And we can’t simply chalk-up all the Crossfit pluses to genetics.  Genetics plays a large part, no doubt. But epigenetics is the real game-changer.  I used to play for a defensive coordinator who was fond of saying “if you’re gonna be in the wrong (insert expletive of your choosing) position, at least get there with 100% effort.”   Training, like life, is best performed thusly.   

Another example?  Look, I’m no certainly Jillian Michaels fan.  I think her (at least publicly expressed) exercise programming and diet recommendations are — to put it politely —  atrocious.  But, much like Crossfit, she does bring attitude, drive and intensity to her process.  She’s another example of compounded, high-intensity effort trumping intelligent prescription.  And, she’s got an undeniably smokin’ hot body to show for that effort.  Just another example of genetics trumping intelligence?  Sure, that’s a lot of it.  But we’d be blind not to acknowledge the epigenetic contribution of sheer will, drive and intensity at play here.

Know this: will, drive and intensity, combined with even the shittiest programming, will trump lackluster effort combined with the best programming.  Every.  Single.  Friggin’.  Time.  I’ve seen the same play out in athletics, academics, and in corporate America.  Different venues, same result.

And this is indifferent to genetic hand, which simply raises the “zero-state” bar.  Unless you’re a competitive athlete, fitness is a competition between you and the “better you”, right?  So in that case, genetic hand is (or ought to be) a non-issue.  And if you are a competitive athlete?  Well, you lose the right to bitch about sub-par genetics.  You either train and compete harder and smarter than the competition, or you go home.  It’s that simple.   

Look, I’m not telling you to shove your head in the sand, discount your genetic individuality, and train like an idiot.  Neither am I advising you to sacrifice health for performance — unless, of course, you’re doing so with eyes wide open.  What I am saying is that you’ve got to bring a high level of intensity to the training you are doing, and constantly try to upgrade the programming side of things.  Bust ass by daylight, refine by lamplight.  Wash, rinse, repeat.  To do less is simply to cheat yourself out of your full potential.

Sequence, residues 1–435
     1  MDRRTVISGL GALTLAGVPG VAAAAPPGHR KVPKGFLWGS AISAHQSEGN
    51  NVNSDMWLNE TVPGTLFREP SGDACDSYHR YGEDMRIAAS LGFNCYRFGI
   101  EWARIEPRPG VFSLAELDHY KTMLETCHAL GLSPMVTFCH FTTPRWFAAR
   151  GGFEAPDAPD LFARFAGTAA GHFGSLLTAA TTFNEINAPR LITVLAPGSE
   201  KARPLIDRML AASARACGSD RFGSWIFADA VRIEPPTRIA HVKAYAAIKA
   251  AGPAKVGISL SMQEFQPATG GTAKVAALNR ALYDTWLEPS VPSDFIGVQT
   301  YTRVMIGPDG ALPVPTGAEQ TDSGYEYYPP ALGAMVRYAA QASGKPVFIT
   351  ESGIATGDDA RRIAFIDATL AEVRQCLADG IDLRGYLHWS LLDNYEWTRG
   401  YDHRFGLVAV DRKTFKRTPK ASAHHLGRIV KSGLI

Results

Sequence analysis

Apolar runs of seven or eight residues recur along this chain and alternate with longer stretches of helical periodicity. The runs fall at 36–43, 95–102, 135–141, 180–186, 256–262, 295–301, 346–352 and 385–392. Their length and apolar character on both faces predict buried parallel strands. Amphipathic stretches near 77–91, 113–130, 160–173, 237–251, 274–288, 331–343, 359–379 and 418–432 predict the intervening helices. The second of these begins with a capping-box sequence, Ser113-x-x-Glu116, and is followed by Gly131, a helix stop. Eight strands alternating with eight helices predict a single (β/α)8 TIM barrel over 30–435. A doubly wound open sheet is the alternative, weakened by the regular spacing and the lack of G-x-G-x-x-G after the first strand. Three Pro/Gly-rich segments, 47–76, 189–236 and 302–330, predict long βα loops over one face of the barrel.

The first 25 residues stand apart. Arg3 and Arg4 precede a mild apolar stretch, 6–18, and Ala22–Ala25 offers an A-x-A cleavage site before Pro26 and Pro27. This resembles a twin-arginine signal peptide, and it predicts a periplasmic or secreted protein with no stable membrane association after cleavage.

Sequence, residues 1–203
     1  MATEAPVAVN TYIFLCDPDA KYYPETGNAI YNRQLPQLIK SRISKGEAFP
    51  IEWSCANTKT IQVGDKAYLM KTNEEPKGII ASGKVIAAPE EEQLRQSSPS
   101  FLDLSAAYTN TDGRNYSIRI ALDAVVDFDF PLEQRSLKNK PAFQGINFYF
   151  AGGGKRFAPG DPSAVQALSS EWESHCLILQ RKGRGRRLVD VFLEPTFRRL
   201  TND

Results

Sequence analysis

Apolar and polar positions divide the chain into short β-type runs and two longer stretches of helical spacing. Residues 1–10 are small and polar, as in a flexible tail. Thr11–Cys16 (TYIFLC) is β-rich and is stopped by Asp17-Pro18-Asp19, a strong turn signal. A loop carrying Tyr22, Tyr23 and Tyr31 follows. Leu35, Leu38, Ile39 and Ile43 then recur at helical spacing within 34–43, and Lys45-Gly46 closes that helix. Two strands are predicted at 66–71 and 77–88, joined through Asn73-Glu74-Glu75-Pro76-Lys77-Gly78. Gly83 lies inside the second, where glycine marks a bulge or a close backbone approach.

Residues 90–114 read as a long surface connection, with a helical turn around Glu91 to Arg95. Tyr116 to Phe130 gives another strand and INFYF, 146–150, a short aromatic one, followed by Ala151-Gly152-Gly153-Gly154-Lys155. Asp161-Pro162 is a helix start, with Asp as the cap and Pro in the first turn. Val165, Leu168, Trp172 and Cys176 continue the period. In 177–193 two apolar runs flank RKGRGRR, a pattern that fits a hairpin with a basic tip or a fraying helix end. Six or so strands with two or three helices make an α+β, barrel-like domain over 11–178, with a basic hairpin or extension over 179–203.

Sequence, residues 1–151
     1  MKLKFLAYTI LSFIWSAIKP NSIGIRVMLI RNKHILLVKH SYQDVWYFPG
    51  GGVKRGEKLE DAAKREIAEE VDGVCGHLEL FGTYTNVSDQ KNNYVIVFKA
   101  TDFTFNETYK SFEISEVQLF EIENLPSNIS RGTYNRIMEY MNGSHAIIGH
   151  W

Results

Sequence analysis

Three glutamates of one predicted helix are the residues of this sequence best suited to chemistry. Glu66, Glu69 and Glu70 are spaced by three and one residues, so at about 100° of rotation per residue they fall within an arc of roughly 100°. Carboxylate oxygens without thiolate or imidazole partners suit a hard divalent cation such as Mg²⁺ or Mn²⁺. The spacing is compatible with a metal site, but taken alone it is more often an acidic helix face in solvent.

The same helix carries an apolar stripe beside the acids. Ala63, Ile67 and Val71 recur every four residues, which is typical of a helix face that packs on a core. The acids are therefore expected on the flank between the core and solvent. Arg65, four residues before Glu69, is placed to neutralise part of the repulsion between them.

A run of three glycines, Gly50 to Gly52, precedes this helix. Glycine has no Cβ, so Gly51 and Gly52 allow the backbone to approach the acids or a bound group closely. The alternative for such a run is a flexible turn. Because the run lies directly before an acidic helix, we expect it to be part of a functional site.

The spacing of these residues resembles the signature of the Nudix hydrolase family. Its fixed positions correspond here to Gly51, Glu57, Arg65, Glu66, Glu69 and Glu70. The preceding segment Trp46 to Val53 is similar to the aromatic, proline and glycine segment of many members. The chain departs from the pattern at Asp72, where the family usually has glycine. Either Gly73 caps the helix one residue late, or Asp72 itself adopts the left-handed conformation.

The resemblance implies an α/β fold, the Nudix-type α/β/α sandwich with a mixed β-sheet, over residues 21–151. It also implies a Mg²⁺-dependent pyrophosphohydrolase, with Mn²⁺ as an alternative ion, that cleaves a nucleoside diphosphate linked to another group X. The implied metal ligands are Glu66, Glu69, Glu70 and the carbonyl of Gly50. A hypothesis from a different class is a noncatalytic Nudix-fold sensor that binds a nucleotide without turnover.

And one final thing: there’s not much time left to jump on this great Muscle Collective ebundle (the offer ends midnight on 6/23).  But if you happen to catch this in time, head over to the highlighted link and check it out.  It’s a wealth of fitness and muscle-building information, and enough to keep you busy for a long while.

Just don’t forget to add the work and effort 😉

In health, fitness and ancestral wellness –



  1. Another terrific piece Keith. I see this in my own life for sure. Part of it is the overwhelm of information and decision fatigue. For me that has tied in to a kind of perfectionism, even though I know there isn’t a perfect training program for anything, especially a complex system like the body. I recalled while reading this that the best shape I have been in was in my thirties. My options were very limited and I ended up doing a Mentzer style HIT workout once a week, plus running 3-5 miles a week, a lot of yoga and playing a ton of beach volleyball. I did this for about eight years I think and it worked great! I don’t necessarily want to return to all of those, but my own philosophy in all things has been “Something is better than nothing.” I’ve had too much “nothing” lately for a lot of reasons, but am thinking now that I want to make a choice about exercise and stick to it for awhile.